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Webinar Highlights Intersection of Active Transportation and Social Justice Efforts

Webinar Highlights Intersection of Active Transportation and Social Justice Efforts

Following our belief that health is about way more than just what happens in a doctor’s office, at CPEHN we have been working a lot in recent years to address the social and environmental determinants that impact our health. One of the main factors we have focused on is transportation. From pedestrian injuries to unequal access to public transit, transportation inequities often coincide with health disparities, particularly in low-income areas and communities of color. One of our successes has been the passage of our sponsored bill AB 441 in 2012, which included health and equity criteria in the state’s transportation planning guidance.

There are also a number of ongoing policy efforts to improve transportation and promote physical activity. Earlier today, the Safe Routes to School National Partnership hosted a webinar, Active Transportation and Equity: Key Challenges and Opportunities from the Field, to discuss how transportation policies that promote physical activity can also achieve equity. The webinar highlighted the organization’s recently released report, At the Intersection of Active Transportation and Equity: Joining Forces to Make Communities Healthier and Fairer, which looks at how active transportation advocacy can coincide with efforts to increase health and opportunity for low-income communities and communities of color.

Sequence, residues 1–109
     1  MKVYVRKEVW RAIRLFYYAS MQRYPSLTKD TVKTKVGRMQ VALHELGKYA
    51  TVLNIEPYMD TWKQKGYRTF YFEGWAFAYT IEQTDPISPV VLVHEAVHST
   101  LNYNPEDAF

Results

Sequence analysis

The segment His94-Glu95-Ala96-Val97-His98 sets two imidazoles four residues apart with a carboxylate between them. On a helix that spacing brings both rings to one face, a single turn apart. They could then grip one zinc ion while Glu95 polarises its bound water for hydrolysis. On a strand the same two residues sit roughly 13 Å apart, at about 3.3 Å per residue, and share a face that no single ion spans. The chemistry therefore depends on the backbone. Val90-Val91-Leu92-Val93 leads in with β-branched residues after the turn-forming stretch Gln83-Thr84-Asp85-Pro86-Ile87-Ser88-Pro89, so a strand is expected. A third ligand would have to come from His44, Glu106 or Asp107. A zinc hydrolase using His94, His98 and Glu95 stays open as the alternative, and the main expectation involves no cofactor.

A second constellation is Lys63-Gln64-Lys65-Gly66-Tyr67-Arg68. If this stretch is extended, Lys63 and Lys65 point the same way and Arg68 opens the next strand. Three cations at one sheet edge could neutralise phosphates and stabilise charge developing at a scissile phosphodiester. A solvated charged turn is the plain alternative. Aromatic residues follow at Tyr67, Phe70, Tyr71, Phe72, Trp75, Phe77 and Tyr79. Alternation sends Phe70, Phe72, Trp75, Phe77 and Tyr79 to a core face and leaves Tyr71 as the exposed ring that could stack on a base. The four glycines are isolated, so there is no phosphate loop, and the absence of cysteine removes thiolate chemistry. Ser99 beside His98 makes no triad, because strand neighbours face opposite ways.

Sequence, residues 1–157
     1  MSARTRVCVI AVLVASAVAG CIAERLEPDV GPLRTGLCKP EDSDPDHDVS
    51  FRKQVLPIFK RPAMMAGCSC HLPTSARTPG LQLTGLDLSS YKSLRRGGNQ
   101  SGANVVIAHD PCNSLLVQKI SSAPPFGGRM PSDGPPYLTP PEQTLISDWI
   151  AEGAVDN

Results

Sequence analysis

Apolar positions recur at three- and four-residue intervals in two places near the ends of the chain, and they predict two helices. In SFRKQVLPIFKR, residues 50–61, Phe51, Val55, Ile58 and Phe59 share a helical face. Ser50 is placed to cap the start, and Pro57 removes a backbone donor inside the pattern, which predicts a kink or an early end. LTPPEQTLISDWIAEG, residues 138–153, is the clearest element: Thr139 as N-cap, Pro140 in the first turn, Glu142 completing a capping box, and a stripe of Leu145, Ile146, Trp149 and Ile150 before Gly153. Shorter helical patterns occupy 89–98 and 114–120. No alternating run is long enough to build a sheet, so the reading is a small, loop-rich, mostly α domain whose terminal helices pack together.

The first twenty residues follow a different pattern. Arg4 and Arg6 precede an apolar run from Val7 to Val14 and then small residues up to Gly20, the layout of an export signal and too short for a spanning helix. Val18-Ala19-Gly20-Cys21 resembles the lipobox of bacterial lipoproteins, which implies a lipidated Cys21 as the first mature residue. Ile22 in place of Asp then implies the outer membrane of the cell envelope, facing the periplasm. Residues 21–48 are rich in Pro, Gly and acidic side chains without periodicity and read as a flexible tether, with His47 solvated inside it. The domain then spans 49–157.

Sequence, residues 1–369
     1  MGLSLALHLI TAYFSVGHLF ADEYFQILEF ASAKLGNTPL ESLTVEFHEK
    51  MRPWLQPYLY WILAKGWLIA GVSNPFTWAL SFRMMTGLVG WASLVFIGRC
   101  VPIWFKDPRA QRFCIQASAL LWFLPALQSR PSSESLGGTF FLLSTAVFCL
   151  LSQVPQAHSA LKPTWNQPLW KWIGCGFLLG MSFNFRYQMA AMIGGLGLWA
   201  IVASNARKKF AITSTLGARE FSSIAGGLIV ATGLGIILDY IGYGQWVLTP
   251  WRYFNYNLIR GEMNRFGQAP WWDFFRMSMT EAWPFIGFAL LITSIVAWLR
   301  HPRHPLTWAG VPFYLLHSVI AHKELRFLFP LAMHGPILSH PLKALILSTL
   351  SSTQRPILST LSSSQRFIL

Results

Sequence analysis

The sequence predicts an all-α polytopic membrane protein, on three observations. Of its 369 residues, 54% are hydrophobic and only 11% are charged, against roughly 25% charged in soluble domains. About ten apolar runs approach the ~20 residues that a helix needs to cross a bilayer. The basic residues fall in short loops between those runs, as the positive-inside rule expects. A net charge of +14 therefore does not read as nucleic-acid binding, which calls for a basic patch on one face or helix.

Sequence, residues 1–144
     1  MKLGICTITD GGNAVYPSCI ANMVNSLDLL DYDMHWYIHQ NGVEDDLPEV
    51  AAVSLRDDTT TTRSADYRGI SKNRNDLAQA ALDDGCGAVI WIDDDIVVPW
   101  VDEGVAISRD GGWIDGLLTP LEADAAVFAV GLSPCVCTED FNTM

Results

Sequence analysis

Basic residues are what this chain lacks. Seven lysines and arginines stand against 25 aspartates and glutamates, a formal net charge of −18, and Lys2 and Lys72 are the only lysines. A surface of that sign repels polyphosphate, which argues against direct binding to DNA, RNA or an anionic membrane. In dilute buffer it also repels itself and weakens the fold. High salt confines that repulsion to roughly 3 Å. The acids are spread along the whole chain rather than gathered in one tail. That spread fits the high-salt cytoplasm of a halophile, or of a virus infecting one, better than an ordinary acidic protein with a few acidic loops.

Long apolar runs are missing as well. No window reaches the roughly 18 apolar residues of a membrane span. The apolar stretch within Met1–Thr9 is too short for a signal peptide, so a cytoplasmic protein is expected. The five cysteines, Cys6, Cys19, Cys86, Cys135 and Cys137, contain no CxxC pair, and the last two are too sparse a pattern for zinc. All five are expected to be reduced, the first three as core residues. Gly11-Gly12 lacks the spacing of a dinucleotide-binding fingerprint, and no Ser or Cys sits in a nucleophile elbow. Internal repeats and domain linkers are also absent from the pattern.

The webinar featured presentations from the National League of Cities, the Asian & Pacific Islander American Health Forum, and the Los Angeles County Bicycle Coalition. Here are some highlights:

Sara Zimmerman from the Safe Routes to School National Partnership looked at some disparities in pedestrian injuries and deaths based on income and race and ethnicity.

She discussed some of the social factors that prevent many people in communities of color from being able to safely use public spaces in their neighborhoods.

She also talked about why it’s important to achieve equity in transportation funding in these underserved communities. Not only should they have equal funding, but they actually need more to make up for the decades of underinvestment.

Alyia Smith-Parker from the National League of Cities talked about how cities are approaching health inequities by addressing their root causes.

Pedro Arista from the Asian & Pacific Islander American Health Forum – one of CPEHN’s founding ethnic partner organizations – discussed the Strategies to Reach and Implement the Vision of Health Equity (STRIVE) program and their findings.

And finally, Tamika Butler from the Los Angeles County Bicycle Coalition talked about how to promote social justice and fight oppression through health and transportation advocacy.

The Safe Routes to School National Partnership is a great resource for active transportation and equity advocates. You can also check their California network for more information on advocacy efforts here in California. 

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